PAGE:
Thirty three odd years ago I became a father for the very
first time and it was, for me anyway, an experience of unparalleled joy. For my
wife it was more one of relief than joy, I think. The joy came a little later.
I cried when my son was delivered; actual, salty, baby
tears. I was not even a little embarrassed. As much as I loved my wife, this
was something different, almost spiritual in its emotional power and once
experienced, never forgotten. So much so that I pity the poor fathers of
yesteryear, who waited impatiently outside the ward and were shown in after
mother and baby were washed and respectable.
When my second son was born, nine years later, the
gynaecologist asked me if I would like to deliver him myself. Of course I
would, and did. And very nearly dropped him, not realising how slippery
new-born babies are!
And yes, I cried.
I’m a big baby when it comes to big emotional moments.
Joy for me equals tears, so when my son came back home after
two years in Seoul, I cried. I didn’t cry when he left; I left that for my
If there were in fact a way to measure joy, a Joyometer,
let’s call it, I would register very high on these high moments, as I tend to
be a very demonstrative person.
When my son received his degree, I had a lump in my throat
that, to the outsider, would have resembled a second Adam’s apple, and my eyes
were moist, even though I did not cry.
My wife had no such reservations: she cried openly.
Emotionally charged moments
Last year, when my eldest son married, it took all my
willpower not to cry, as I dearly love my daughter-in-law and, as I said to
her, if I could have gone out and chosen a woman for him, she would have been
the one I would have chosen. Weddings are emotionally charged moments anyway,
but when it’s your eldest son marrying someone so special, it makes it a moment
of exceeding joy.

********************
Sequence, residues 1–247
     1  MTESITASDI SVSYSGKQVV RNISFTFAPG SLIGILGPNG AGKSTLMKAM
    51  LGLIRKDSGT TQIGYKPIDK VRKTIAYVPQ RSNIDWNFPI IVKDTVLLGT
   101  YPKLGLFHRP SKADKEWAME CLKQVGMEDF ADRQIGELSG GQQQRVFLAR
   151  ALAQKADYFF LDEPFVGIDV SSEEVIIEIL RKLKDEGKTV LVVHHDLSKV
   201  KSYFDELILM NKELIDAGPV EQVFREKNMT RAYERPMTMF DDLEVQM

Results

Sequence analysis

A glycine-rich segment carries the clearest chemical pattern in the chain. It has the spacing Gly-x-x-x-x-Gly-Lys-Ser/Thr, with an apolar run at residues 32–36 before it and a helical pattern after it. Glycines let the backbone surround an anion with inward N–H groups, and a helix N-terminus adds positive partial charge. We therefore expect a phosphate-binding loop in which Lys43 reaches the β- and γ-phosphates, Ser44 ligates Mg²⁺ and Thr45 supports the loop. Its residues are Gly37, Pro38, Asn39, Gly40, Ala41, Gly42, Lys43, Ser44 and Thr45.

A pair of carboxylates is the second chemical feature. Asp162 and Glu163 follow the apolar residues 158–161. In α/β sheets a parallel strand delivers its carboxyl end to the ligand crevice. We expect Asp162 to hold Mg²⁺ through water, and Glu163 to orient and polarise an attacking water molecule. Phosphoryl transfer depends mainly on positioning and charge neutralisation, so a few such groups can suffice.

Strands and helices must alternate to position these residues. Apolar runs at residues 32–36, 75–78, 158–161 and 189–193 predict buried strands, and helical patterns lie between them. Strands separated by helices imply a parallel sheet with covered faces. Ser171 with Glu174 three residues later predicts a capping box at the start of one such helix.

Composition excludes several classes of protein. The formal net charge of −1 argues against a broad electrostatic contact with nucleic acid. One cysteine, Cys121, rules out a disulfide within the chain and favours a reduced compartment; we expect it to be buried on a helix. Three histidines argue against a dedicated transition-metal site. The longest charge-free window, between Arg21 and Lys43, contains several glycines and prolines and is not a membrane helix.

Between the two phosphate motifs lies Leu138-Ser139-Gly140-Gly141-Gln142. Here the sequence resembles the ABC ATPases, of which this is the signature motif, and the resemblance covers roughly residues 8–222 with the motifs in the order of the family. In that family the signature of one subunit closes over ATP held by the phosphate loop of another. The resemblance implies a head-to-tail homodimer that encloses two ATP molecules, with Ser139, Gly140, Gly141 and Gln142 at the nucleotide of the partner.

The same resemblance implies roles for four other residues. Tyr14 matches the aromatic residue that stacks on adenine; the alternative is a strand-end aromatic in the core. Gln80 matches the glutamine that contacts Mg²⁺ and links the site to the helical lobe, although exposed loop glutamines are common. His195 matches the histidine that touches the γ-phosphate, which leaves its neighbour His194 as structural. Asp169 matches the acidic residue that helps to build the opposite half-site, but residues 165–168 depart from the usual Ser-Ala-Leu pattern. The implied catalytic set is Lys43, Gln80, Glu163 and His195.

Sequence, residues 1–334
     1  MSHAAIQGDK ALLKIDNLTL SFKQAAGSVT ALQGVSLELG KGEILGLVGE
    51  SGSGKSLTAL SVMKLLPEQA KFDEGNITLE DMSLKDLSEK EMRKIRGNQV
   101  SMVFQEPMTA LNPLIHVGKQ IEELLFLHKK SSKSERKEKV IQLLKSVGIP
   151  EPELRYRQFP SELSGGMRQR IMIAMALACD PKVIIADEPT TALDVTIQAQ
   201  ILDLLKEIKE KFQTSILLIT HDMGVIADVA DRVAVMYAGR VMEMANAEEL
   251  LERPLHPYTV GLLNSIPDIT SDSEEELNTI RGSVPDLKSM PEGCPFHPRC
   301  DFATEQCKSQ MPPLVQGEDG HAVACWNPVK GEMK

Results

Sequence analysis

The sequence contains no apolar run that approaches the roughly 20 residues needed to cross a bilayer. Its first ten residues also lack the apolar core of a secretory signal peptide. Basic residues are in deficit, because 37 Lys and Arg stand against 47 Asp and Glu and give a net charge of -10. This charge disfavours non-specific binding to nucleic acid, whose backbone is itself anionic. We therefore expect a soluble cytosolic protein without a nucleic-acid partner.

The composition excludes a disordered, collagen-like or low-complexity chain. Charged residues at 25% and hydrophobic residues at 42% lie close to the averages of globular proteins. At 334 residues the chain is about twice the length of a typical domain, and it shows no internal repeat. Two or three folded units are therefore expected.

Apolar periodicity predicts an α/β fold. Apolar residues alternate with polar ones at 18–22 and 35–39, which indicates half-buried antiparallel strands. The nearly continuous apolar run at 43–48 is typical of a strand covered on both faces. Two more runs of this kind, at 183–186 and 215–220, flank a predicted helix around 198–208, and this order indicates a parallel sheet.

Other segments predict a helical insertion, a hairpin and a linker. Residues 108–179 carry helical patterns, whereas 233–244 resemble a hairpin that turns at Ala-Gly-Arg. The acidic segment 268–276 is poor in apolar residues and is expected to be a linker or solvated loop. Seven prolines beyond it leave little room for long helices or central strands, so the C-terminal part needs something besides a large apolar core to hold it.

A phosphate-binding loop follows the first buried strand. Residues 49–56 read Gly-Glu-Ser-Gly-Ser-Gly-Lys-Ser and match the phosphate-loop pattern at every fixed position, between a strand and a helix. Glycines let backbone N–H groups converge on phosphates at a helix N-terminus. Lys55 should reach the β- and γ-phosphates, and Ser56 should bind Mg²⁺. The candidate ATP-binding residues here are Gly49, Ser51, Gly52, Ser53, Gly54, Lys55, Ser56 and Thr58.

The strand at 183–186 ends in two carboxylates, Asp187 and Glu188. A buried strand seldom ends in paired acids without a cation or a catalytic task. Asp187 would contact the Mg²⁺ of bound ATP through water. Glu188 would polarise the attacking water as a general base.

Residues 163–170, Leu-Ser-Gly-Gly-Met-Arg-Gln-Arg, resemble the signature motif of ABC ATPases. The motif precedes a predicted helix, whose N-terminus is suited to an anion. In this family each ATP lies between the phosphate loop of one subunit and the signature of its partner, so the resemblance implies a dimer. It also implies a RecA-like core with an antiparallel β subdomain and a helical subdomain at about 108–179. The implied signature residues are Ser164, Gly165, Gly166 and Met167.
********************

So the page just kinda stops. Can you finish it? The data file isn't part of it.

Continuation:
The Joyometer, however, is broken. It was never meant to
handle the amount of stress it was put through today. It would have had to have
been made to resist a nuclear strike to withstand what it went through today.
I will not say I’m elated, because I’m not. Elated cannot
begin to cover it. Purple prose of the most vulgar or elegant sort could not begin
to describe my joy, for it has no bounds, nor should it. I could say I’m
ecstatic, but even there the poverty of language hinders what I want to
It’s not that I lack skill as a wordsmith, for I am able to
spin a yarn as well as any silkworm. It’s purely the paucity of language that
Today, no-one can steal my joy, for this joy comes up from
the wellsprings of my heart and that is completely boundless.
My wonderful daughter-in-law today gave birth to my first
grandchild, and the only thing that could make my joy more complete is if they
were here instead of Toronto and I could hold that little bundle of joy in my
Young Caspian is healthy and perfect in every way and,
thanks to the interwebs, we can see what he looks like and I don’t care who
this annoys, but God be praised for delivering this little miracle to us!
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